Networking is the most underdeveloped task I see with students. They have so many options, and they are not leveraging so many contacts they could add. Make connections. Go out to eat lunch with people. Get to know them well and keep any needs they have in mind, just in case you can serve them down the road with a referral or an act of kindness. One large pool of new contacts are fellow college students in your major, who are a year or two older. You can look these people up on LinkedIn, use your college directory to email them with an invite to lunch on you. Attend school networking functions and join groups to meet other students. Get outside of your fraternity and consider a volunteer service group to the university. Get to know people in classes and on study teams. Find out what people are doing over school over breaks and if any are stuck on campus because they are an international student. Consider asking them to join your family for a holiday meal. Your college may also sponsor networking meetings for alumni, or have online alumni virtual groups and services, so check on this as well. College alumni are a great group of people who are likely to accept your request to talk about their career over the phone for 20 minutes. Usually they are happy to help if you are attending their college or you share alumni status.
Another great and often overlooked network group is a relevant professional association. Student can often attend free or for very low cost. Most associations have monthly or quarterly state chapter meetings with presentations. The location may be in your metro area. Attending a meeting can be one of the best ways to find out what interesting developments are going on in a general or specialized career segment. If you are not aware of any, uses Google for your field name and add association. (Examples: PDMA – Product Development Management Association Georgia, GPA – Georgia Pharmacy Association, SHRMGA – Society of Human Resource Managers-GA, ” AIMA – Atlanta Interactive Marketing Association, NKBA GA – National Kitchen & Bath Association-GA, PRSA – Public Relations Society of America-GA, or AWT – Association for Water Technologies. The list is endless of the specialized or general professional associations that exist in the US. Inquire if they offer a discount or 1 free meeting for prospective members or recent graduates job hunting. There are associations that apply to an industry, a skill field, and other specialties. Some associations are stronger for new graduates, and others are international or have a technology specialty, such as SAE – Society of Automotive Engineers. Remember, experts say networking in the 21st century starts out with a more service-oriented approach. “When you focus on the other person and less on yourself, people respond better. It’s about being interested versus interesting,” says Jacqueline Whitmore, etiquette coach and founder of The Protocol School of Palm Beach.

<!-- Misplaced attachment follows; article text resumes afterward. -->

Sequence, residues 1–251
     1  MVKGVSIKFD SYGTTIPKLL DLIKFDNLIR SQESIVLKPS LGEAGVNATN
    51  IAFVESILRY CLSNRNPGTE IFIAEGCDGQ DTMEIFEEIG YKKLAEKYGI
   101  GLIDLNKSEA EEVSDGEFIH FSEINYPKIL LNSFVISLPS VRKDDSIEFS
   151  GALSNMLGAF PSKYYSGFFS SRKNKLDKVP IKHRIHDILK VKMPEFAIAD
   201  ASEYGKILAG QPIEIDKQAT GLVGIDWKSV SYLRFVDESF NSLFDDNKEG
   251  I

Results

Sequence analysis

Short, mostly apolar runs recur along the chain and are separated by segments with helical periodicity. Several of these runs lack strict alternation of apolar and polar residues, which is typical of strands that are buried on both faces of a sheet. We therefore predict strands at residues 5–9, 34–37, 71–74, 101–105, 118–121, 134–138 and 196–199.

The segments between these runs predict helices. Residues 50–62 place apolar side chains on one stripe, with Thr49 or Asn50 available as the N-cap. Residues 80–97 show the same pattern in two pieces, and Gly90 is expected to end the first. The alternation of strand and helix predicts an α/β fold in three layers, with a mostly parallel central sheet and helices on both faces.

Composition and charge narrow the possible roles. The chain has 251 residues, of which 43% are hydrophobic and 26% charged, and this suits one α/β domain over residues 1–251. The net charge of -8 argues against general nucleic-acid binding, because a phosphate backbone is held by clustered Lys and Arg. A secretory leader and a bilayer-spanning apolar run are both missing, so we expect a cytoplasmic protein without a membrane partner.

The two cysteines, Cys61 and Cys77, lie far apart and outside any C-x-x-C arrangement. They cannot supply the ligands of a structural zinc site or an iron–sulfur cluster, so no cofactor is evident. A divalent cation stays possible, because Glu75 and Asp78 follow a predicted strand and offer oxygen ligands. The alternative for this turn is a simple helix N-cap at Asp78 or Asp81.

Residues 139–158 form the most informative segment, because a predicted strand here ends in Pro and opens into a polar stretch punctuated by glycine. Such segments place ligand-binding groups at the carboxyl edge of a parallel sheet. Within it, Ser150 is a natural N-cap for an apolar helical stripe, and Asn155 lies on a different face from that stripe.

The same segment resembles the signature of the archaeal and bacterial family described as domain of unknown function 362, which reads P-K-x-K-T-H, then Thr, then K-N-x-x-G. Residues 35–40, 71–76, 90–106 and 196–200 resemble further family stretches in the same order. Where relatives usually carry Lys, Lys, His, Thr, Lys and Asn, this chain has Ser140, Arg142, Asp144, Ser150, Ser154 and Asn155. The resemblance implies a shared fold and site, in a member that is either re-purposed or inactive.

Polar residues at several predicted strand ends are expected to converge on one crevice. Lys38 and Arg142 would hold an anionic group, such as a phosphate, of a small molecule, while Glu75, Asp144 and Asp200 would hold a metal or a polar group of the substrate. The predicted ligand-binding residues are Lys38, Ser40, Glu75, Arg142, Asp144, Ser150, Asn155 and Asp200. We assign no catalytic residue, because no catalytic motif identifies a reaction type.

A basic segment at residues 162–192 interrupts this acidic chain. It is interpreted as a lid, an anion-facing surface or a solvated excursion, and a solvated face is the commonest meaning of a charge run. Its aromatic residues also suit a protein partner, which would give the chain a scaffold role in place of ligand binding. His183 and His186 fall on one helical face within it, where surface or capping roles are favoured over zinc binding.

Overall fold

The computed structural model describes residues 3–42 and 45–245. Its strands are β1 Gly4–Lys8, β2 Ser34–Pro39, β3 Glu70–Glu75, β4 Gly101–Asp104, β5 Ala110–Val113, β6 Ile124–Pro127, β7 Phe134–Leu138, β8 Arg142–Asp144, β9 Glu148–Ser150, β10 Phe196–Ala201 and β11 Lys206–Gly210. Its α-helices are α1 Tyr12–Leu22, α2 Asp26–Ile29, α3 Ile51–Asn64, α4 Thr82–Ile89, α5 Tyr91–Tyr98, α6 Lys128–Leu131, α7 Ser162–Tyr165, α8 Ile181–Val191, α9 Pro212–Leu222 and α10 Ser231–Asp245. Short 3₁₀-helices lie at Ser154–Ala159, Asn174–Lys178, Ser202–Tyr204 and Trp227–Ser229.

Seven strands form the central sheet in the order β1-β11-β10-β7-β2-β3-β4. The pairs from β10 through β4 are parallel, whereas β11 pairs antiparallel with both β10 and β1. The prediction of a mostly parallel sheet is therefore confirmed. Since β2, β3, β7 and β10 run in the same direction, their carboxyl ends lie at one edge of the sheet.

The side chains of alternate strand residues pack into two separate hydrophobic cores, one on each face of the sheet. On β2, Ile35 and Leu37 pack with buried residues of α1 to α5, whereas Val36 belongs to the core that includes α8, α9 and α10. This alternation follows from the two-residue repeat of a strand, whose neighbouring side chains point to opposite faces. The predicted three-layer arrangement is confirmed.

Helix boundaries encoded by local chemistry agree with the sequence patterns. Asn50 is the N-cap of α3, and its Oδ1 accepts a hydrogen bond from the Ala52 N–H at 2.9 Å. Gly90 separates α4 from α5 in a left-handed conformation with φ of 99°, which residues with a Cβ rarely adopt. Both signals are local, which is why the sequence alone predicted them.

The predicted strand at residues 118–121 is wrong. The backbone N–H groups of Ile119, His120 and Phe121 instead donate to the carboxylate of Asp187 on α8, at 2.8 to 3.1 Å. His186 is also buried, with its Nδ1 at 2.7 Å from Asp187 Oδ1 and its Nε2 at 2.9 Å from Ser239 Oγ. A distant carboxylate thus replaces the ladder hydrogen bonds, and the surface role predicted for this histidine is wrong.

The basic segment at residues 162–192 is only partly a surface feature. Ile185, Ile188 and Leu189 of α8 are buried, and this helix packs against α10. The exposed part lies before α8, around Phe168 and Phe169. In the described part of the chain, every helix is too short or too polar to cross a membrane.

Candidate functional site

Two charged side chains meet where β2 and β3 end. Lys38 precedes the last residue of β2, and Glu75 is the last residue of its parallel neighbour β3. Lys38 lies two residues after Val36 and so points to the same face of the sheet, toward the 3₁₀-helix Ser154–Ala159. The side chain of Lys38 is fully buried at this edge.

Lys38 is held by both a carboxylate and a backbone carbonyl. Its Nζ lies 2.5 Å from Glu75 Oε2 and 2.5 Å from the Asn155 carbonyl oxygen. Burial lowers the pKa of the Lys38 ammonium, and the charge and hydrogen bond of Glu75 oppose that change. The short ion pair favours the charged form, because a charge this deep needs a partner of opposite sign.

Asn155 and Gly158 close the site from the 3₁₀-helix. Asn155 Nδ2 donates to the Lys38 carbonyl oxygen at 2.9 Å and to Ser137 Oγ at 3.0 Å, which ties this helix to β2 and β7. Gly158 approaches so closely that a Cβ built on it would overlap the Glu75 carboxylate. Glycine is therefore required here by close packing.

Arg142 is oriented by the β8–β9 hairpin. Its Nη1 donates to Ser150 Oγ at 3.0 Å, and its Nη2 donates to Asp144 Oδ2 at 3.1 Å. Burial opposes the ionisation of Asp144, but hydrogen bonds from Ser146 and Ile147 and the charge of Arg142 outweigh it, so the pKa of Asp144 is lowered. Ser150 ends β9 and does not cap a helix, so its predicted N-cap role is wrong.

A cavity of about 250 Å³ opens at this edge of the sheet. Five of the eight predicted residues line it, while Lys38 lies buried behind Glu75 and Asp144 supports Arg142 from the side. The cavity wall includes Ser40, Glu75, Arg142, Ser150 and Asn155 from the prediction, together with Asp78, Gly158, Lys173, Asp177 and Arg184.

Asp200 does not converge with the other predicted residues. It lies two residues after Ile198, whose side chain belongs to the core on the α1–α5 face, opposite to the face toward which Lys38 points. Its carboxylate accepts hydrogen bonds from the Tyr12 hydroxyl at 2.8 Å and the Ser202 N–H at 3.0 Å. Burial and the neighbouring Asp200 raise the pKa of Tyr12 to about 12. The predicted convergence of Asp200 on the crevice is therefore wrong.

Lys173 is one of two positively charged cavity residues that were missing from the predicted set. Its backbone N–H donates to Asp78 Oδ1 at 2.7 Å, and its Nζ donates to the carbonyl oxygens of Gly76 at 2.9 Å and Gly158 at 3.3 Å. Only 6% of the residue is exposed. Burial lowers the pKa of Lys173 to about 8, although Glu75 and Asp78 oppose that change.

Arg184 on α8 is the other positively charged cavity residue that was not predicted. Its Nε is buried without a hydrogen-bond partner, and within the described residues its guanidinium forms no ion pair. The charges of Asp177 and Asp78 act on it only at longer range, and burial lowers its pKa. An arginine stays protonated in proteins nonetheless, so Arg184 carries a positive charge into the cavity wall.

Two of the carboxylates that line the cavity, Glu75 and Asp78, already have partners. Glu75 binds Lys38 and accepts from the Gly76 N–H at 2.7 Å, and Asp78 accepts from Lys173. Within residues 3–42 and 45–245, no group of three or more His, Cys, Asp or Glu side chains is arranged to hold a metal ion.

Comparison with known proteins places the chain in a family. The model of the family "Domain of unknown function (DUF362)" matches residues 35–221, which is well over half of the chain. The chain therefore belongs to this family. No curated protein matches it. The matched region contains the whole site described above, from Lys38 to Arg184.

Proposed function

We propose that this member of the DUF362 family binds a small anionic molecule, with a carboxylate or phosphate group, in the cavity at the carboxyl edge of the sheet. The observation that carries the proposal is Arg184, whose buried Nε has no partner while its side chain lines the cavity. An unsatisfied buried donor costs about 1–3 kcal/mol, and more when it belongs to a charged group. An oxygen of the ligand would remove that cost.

5. Initiate Opportunities
Take the time to create your “most wanted” list of a few target firms. Do your research on the firm’s website. Find LinkedIn profiles of relevant job titles for staff and managers. Note special skills, and how people stand out. Outline all your reasons for why “this firm?” Explain why this firm is your top pick in a cover letter or interview. Call the firm’s main phone number, give your name and politely request the email for the manager or owner. Send a short unsolicited email about your interest, attach your 1-page resume, and ask if they are aware of any possible future job openings in your field? If this is a large firm, ask if they would forward your resume to the person who heads up recruiting in HR, or if they can suggest any other manager contacts. I found this approach has worked for almost all the jobs I’ve been offered.